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NEW UPDATES Asean Affairs    22 January 2015  

Domestic cassava businesses go in search of new markets

Vietnamese cassava businesses should look for new export markets to avoid dependence on the Chinese market, the chairman of Viet Nam Cassava Association (VCA) told Thoi bao Kinh te Viet Nam (Vietnam Economic Times) newspaper.

Nguyen Van Lang said most of the cassavas were exported to China, leading to price uncertainties, while China has recently limited purchases, citing a price squeeze.

However, China is still the largest cassava import market for Viet Nam, accounting for 84.65 per cent of market share. Last year, it saw an increase of 18 per cent over 2013.

The country last year exported 3.29 million tonnes of sliced cassava and cassava products, earning an export turnover of $1.3 billion, an increase of 5.4 per cent in volume and .6 per cent in value compared to 2013, according to the Ministry of Agriculture and Rural Development,

Pham Vu Ha, general secretary of VCA, said for the last 20 years Viet Nam's cassava processing sector had not invested in technology to improve quality and build trademarks.

As a result, Viet Nam's cassava trademark did not equal that of Thailand's.

Thus, domestic businesses would need to review changes, for instance, and invest in starch processing instead of production only.

Businesses could also make processed products such as foodstuff or ethanol to increase product value.

Ha said to promote ethanol production and consumption, the State needed to issue financial support policies for producers, distributors and consumers.

For a long period, the cassava sector would have to decrease raw cassava exports to focus on satisfying domestic production.

Moreover, there would be some adjustment in cassava growing and production in order to promote sustainability, Tran Xuan Dinh, deputy head of Cultivation Department, said.

For instance, the country's cassava growing area would be reduced from 549,000 in 2014 to 500,000 ha by 2017 and to 450,000 ha by 2020.

The harvested cassava output would be stabilised at 11 million tonnes.

According to the Cultivation Department, cassava has been grown in mass quantities with unplanned development, leading to low productivity.

Last year, cassava productivity was 18.2 tonnes per ha, much lower than India (31.43) and Thailand (21.09).

There are still now many diversified products because of poor varieties, and the link between producers and processors is not close.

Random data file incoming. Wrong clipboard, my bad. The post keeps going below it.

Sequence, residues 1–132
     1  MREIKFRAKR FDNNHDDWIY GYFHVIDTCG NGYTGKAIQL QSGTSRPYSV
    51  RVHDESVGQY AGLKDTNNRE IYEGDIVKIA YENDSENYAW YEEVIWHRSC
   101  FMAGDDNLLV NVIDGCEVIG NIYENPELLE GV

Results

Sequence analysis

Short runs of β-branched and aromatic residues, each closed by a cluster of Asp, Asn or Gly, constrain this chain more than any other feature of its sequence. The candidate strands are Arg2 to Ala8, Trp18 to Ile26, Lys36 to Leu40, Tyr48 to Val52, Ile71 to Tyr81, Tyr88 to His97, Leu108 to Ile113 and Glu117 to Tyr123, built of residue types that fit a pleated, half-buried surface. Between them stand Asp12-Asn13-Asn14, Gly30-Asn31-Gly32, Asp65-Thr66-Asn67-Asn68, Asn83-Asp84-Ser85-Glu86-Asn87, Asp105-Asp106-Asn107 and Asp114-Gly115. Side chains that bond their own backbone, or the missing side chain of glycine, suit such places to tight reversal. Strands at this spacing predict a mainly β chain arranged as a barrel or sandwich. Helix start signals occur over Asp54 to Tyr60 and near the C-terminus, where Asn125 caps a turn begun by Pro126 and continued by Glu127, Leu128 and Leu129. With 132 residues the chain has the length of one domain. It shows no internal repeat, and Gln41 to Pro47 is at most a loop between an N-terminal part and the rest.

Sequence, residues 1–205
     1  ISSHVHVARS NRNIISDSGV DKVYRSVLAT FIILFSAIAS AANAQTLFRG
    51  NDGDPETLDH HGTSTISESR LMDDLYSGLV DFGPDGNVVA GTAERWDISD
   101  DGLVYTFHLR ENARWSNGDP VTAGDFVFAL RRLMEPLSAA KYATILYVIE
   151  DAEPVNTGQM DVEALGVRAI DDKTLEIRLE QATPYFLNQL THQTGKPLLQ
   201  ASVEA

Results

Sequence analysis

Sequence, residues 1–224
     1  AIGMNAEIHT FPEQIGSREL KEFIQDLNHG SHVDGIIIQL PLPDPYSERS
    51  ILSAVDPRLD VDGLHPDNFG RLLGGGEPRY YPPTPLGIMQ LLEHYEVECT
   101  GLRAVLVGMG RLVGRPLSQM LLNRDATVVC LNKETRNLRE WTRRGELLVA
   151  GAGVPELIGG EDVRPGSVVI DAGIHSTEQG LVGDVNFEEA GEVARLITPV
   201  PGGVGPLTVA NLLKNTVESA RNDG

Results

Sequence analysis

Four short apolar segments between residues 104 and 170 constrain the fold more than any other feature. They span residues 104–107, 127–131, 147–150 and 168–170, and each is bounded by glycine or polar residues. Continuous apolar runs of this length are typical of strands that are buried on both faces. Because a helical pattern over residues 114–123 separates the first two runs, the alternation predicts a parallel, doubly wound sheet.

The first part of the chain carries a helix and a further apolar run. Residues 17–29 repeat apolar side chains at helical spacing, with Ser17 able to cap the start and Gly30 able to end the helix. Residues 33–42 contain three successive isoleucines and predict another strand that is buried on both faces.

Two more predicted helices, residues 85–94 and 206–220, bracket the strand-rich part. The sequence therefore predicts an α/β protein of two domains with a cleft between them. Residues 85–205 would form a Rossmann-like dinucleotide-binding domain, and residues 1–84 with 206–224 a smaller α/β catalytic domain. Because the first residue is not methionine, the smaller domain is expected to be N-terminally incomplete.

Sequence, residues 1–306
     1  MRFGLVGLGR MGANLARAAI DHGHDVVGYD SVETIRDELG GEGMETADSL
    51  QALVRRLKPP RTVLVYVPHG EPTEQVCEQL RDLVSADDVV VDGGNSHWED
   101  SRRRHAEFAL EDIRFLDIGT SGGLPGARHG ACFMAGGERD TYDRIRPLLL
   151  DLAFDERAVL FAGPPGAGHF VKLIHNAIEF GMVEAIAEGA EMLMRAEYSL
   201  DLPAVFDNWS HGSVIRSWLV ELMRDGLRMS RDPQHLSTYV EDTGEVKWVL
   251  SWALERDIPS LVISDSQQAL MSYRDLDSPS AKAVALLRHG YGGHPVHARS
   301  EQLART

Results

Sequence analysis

Moreover, cassava-starch processing facilities have caused environmental pollution in many localities.


In the first six months of last year, sliced cassava exports fell by 24 per cent over the same period in 2013. The sliced cassava in storage at factories doubled compared to 2013.

This occurred because Thai businesses had exported a high volume of sliced cassava at lower prices, which led to more purchases made by Chinese importers.

For the remaining months, the market has gradually recovered. By October, the Vietnamese businesses sold out all the cassava in storage.

In the fourth quarter of last year, the cassava export price was US$252 per tonne, an increase of $20 per tonne.

However, the businesses at that time did not make a profit because last year's transportation fee increased 1.5-2 times compared to 2013.

The sliced cassava price is expected to increase only slightly this year.

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This year in Thailand-what next?

AseanAffairs   04 January 2011
By David Swartzentruber      

It is commonplace in journalism to write two types of articles at the transition point between the year that has passed and the New Year. As this writer qualifies as an “old hand” in observing Thailand with a track record dating back 14 years, it is time take a shot at what may unfold in Thailand in 2011.

The first issue that can’t be answered is the health of Thailand’s beloved King Bhumibol, who is now 83 years old. He is the world's longest reigning monarch, but elaborate birthday celebrations in December failed to mask concern over his health. More






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